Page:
Doyon said health insurance is always looked at during labor negotiations and the commission could direct staff to look at increasing the employee contribution or other options.
Gaye McInerney, the city’s human resources director, said her department continually looks at other options, but the city just committed to another year with MMIA and labor agreements are currently being finalized, two of which were approved during the July 16 meeting, and most of those have two year terms. So, the city would likely have to wait and address any health insurance changes in the next labor negotiation cycle.
Commissioner Owen Robinson said that maybe it was time to consider having employees contribute more for health insurance benefits.
As for approving the budget and tax increases, Robinson said it was “excruciating. It just has not been that fun.”
Commissioner Bill Bronson said that the alternative to increasing taxes would have been to cut the budget by $682,142, which “would most likely have meant letting people go.”
He said they’ve tried to make dents in the city’s needs, such as with the new part-time judge in this budget but “we deal with the cards that we’re dealt.”
The system of taxation for municipalities is governed by the Legislature and Bronson said he hopes lawmakers will have a serious discussion about the taxation system and find solutions that help municipalities generate revenues to cover increasing costs while still providing services.
An interim committee at the Legislature is currently reviewing the state’s tax policies.
Moe said the budget would have been even more difficult to manage if the city hadn’t increased parking meter rates, effective July 1; contracted for private management of the gold courses; or closed the Natatorium.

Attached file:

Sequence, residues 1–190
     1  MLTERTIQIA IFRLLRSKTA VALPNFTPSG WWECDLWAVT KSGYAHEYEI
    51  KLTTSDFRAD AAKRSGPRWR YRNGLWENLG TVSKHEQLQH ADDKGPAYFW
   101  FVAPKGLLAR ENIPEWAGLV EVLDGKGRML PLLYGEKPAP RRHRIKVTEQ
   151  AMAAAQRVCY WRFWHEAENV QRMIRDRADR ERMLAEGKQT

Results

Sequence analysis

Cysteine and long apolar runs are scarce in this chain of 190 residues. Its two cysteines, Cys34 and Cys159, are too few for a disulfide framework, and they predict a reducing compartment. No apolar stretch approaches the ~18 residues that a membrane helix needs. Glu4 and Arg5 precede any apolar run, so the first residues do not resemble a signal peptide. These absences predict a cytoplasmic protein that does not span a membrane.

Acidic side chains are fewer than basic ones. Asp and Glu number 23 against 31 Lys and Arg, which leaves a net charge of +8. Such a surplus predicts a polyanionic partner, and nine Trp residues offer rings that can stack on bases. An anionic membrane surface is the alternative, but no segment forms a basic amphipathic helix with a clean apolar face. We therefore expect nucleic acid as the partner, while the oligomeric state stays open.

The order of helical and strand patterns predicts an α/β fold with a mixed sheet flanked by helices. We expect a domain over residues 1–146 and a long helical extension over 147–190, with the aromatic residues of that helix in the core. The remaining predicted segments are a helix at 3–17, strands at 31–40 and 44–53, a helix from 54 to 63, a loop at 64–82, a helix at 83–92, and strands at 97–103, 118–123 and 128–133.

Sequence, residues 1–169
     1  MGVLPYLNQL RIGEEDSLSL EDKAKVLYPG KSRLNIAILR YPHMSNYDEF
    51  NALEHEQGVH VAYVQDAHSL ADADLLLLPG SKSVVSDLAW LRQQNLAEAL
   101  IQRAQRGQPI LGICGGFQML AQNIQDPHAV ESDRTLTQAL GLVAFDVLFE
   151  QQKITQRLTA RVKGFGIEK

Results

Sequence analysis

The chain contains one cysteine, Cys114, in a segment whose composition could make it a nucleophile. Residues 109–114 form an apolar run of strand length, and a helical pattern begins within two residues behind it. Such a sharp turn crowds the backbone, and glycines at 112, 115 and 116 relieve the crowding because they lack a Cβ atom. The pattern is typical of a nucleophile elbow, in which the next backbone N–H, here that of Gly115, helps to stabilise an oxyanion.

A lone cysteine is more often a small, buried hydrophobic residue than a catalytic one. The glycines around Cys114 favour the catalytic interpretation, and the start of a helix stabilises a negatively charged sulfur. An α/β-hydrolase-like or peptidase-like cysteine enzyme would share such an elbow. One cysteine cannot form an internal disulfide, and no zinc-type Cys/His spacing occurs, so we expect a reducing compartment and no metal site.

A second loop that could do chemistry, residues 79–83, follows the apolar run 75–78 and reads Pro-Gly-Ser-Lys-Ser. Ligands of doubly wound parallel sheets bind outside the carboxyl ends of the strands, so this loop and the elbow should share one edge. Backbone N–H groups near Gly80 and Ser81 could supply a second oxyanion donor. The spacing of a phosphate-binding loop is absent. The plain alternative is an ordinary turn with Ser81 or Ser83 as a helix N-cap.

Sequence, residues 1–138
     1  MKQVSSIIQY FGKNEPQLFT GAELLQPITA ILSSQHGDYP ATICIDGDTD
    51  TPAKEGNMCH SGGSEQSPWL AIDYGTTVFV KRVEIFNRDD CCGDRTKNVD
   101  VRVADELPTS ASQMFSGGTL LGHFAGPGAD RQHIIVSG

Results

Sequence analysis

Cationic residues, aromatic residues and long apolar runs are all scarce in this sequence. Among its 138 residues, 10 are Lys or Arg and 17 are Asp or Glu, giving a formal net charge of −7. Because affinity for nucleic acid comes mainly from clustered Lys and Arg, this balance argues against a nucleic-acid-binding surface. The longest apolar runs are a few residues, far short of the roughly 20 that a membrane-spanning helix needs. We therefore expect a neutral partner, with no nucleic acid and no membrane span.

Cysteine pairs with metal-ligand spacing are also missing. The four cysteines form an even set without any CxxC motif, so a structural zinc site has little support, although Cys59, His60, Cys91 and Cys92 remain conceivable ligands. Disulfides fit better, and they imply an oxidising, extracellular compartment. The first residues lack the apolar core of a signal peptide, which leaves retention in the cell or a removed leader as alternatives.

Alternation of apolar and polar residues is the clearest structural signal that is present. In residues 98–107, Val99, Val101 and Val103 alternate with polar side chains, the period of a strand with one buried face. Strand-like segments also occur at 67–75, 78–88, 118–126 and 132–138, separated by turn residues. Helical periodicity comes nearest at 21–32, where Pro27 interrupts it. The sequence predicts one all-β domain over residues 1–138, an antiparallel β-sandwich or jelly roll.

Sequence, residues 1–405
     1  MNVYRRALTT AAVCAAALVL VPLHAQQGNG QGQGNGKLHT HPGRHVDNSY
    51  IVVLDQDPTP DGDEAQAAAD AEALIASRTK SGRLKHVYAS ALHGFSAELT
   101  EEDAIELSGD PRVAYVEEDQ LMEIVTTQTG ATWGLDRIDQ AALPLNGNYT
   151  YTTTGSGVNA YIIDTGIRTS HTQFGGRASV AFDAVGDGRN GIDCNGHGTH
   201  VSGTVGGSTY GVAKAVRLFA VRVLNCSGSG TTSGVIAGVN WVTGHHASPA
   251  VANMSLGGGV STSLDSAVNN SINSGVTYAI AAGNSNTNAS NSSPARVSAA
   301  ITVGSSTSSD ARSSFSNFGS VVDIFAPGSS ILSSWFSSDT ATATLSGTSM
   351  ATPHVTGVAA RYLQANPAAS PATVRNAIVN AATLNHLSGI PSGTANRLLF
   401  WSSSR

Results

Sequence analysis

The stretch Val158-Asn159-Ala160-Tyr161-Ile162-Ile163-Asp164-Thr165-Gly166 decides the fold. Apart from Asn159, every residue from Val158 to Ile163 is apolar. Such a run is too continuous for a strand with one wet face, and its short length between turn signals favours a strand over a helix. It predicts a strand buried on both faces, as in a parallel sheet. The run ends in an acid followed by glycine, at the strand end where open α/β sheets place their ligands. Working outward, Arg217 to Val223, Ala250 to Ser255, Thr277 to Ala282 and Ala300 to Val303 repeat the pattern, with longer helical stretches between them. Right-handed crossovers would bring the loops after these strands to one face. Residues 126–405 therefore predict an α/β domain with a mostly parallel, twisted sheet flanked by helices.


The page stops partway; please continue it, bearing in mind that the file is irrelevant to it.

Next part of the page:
The decision to close the Nat came after bricks fell off the exterior of the building last year, exposing additional problems with the facade and roof with repairs at an estimated $539,834 to $613,088.
The current Nat was built in 1966, after its predecessor on the same site was closed in 1963 due to significant settling throughout the building causing walls to shift, the pool to leak and the foundation to crack, according to a city memo.
A 2011 study found masonry staining, groundwater concerns, water leakage in the basement and other nonstructural issues. The high water table at the site was also a concern in the report and it recommended projects totaling $997,114 that should be done over 1 to 50 years, according to city records.
Since then, the city has partially removed the top of nonbearing load walls to allow for foundational movement, mud jacking and door replacement.
Since 2004, the city has also done more than $357,939 in repairs including roof repairs, ventilation tunnels around the pool were filled with concrete since they were in danger of collapsing, a new pool liner, drain pipe liner, boiler replacement, pool desk resurfacing, asbestos testing, southwest corner to women’s locker room lifted due to cracks and settling in foundation, doors and door jams replaced.
According to city records, the total annual users for the Natatorium in 2015 was 22,507 users, which includes repeat users. In 2016 the total was 29,665; in 2017 the total was 26,068 and as of mid-July this year, it was 16,004.
For comparison, at Electric City Water Park, the total users in 2016 from June-September was 27,324; in 2015 it was 24,894.
Since the closure of the Natatorium, the city Park and Recreation Department has partnered with the Montana School for the Deaf and Blind to offer swim lessons at their Mustang Pool.
The year had a rocky start with equipment breaking and limiting pool availability.
According to city data, from January to June, the total city revenue at the Mustang Pool was $10,043, while the cost was $26,156 to serve 274 people for a total of 1,138.
Steve Herrig, park and rec director, said summer will likely pick up with swim lessons, but the smaller pool size limits their capacity.
Doyon said in budget meetings this summer that they’re going to have to take a look at aquatics again because the intention of closing the Natatorium was to save money and eventually focus on the possibility of a new facility, not incur more expenses after closing the Nat.
Last year, city staff proposed a 50 cent increase for open swim at some pools to generate some revenue for operational costs, but commissioners rejected the increase and the additional revenue would have been far from enough to cover needed repairs at the Natatorium.